• WNTs: Wnt signaling has been shown as an important regulatory pathway in the osteogenic differentiation of mesenchymal stem cells
  • PTH: Parathyroid hormone
  • IGF: Insulin-like growth factor

The following are articles that we reviewed. They include both animal and human studies and present a comprehensive list of related articles published since early 2015. If you do not want to review the articles, you can skip to the end of the list for a summation of the findings presented in the articles.

Cytokine, chemokine, and growth factor profile of platelet-rich plasma.
Mussano F, Genova T, Munaron L, Petrillo S, Erovigni F, Carossa S.

ABSTRACT

The following molecules were found in PRP
IL-1b, IL-1ra, IL-4, IL-6, IL-8, IL-12, IL-13, IL-17, INF-γ, TNF-α, MCP-1, MIP-1a, RANTES, bFGF, PDGF, and VEGF IL-2, IL-5, IL-7, IL-9, IL-10, IL-15 G-CSF, GM-CSF, Eotaxin, CXCL10 chemokine (IP-10), and MIP 1b.

2016 Jul;27(5):467-71. doi: 10.3109/09537104.2016.1143922. Epub 2016 Mar 7.

 SteinerBio note:

There are no recognized bone growth molecules in PRP preparations.

Choukroun Platelet-Rich Fibrin as an Autogenous Graft Biomaterial in Preimplant Surgery: Results of a Preliminary Randomized, Human Histomorphometric, Split-Mouth Study.
Du Toit J, Siebold A, Dreyer A, Gluckman H.

RESULTS

Mean ± SD percent of new mineralized bone was 40.8% ± 10.3% for the PRF specimens and 43.9% ± 16.8% for the control specimens (P = .72, 95% CI, 33.4-55.6 and 19.3-55.5, respectively). Bone derived from PRF histologically did not differ from bone that healed without intervention.

2016;36 Suppl:s75-86. doi: 10.11607/prd.2749.

 SteinerBio note:

In this study, they compared the bone in human extraction sites grafted with PRF to extraction sites with no graft. There was no difference in the percent of mineralized tissue in sites grafted with PRF as compared to sites that received no graft.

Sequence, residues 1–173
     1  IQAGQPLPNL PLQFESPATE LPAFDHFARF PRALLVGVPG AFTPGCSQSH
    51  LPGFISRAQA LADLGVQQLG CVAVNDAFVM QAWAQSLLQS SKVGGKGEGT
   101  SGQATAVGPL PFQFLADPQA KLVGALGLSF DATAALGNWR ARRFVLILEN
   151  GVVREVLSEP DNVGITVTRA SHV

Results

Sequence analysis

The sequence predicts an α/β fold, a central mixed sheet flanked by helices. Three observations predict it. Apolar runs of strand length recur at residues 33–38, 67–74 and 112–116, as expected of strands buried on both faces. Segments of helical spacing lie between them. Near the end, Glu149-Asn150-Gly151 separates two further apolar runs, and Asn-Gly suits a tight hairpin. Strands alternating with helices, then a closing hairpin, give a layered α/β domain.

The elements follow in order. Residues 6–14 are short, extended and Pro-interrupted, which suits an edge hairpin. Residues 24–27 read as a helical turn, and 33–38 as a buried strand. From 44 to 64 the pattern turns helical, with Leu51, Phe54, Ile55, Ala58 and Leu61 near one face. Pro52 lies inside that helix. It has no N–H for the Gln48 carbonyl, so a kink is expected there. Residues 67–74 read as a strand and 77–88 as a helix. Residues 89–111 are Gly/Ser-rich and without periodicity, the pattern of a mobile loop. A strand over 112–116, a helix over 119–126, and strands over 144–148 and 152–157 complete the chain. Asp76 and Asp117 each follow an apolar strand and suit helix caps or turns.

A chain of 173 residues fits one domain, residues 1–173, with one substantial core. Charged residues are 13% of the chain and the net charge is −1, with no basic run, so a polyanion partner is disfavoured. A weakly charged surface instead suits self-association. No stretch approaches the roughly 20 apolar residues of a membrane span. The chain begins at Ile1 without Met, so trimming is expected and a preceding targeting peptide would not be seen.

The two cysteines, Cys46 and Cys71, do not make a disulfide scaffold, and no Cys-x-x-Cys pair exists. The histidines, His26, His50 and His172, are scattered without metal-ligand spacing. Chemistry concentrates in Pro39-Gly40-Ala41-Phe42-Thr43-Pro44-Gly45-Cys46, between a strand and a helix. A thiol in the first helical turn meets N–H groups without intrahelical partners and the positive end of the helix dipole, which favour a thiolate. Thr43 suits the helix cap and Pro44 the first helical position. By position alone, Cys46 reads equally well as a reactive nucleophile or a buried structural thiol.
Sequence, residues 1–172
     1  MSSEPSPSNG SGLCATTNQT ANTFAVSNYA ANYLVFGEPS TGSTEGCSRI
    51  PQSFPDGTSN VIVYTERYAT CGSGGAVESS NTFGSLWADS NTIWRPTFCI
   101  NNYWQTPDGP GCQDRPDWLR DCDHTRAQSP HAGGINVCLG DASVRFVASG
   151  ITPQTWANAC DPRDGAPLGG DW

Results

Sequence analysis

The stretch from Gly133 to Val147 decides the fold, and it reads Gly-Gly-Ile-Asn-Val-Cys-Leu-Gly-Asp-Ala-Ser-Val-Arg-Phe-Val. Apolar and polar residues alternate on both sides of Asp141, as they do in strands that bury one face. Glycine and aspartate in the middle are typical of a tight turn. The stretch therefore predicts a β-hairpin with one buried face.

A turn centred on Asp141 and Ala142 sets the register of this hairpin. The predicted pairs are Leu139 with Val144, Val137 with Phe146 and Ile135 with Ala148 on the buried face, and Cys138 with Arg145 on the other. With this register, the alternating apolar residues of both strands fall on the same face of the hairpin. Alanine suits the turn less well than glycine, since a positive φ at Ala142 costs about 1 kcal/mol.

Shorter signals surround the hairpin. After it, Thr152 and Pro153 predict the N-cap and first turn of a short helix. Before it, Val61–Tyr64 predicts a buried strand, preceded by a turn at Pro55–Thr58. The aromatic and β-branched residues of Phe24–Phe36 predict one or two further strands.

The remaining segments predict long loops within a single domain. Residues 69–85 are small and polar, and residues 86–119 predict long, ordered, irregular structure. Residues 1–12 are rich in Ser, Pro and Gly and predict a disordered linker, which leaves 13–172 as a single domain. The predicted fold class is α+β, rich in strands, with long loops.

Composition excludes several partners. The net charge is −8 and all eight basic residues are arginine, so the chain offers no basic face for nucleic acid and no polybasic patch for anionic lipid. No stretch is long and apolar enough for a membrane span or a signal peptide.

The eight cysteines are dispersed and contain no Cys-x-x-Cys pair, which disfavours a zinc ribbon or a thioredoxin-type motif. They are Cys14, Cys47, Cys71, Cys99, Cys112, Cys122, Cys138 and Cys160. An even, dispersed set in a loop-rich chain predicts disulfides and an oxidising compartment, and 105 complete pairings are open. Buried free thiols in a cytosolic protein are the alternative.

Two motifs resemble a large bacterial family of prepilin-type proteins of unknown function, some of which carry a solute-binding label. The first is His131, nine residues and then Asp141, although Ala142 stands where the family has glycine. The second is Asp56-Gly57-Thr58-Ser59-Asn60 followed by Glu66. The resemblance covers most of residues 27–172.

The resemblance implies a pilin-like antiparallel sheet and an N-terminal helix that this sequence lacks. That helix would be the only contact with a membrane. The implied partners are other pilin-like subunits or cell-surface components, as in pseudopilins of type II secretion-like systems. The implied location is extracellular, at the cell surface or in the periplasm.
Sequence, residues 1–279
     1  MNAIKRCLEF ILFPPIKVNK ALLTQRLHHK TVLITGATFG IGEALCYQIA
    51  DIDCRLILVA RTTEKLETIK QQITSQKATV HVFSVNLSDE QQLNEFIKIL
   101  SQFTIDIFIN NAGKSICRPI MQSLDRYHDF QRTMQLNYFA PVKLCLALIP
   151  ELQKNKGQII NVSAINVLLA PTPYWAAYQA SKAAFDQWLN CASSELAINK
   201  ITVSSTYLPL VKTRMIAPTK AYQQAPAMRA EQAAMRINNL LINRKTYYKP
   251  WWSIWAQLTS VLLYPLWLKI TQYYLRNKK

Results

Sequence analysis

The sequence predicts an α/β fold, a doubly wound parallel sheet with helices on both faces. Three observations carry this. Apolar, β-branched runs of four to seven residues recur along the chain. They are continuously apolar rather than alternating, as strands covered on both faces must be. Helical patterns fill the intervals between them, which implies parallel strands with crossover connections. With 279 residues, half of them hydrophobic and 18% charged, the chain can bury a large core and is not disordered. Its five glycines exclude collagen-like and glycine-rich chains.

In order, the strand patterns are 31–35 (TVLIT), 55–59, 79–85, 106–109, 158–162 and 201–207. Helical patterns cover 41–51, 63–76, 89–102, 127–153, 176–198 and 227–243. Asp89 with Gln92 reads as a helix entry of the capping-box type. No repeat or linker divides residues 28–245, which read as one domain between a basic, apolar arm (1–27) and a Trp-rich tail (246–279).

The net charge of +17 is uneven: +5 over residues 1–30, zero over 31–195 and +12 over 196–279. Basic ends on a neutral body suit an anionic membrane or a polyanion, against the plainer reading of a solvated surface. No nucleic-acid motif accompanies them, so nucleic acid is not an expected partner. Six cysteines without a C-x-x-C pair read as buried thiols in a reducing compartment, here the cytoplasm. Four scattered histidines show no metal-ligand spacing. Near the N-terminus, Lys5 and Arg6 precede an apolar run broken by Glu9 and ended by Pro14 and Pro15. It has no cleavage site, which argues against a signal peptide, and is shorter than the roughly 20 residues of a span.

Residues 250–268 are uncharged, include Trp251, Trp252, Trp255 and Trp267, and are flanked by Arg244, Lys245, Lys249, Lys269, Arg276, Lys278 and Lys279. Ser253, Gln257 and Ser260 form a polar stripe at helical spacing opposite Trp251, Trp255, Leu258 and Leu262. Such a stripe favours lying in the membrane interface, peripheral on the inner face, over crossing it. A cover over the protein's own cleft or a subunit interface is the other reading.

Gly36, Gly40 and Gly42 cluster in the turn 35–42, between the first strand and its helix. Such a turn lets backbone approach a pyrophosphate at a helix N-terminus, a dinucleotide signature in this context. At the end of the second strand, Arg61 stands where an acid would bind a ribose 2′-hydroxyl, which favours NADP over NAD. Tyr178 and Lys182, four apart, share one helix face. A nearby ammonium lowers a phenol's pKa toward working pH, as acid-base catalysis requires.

Experimental Evaluation of the Effectiveness of Demineralized Bone Matrix and Collagenated Heterologous Bone Grafts Used Alone or in Combination with Platelet-Rich Fibrin on Bone Healing in Sinus Floor Augmentation

Elif Peker, DDS, PhD/Inci Rana Karaca, DDS, PhD/Benay Yildirim, DDS, PhD

CONCLUSION

There is no beneficial effect of the application of PRF in combination with demineralized bone matrix or collagenated heterologous bone graft on bone formation in sinus floor augmentation. 

2016 Mar-Apr;31(2):e24-31. doi: 10.11607/jomi.4414.

 SteinerBio note:

The authors found no benefit of adding PRF to bone graft materials.

Micro-computed tomography and histomorphometric analysis of the effects of platelet-rich fibrin on bone regeneration in the rabbit calvarium.
Acar AH, Yolcu Ü, Gül M, Keleş A, Erdem NF, Altundag Kahraman S.

DESIGN

In this study, 20 New Zealand white rabbits were used and four calvarial defects were prepared in each animal. PRF, Straumann(®) Bone Ceramic (SBC), or PRF+SBC was applied to the defects; one defect was left untreated as a control. Ten rabbits were sacrificed at week 4 (T1) and 10 at week 8 (T2). After micro-computed tomography (micro-CT) scanning, the samples were sent for histological and histomorphometric analysis to evaluate and compare the volume and area of regenerated bone.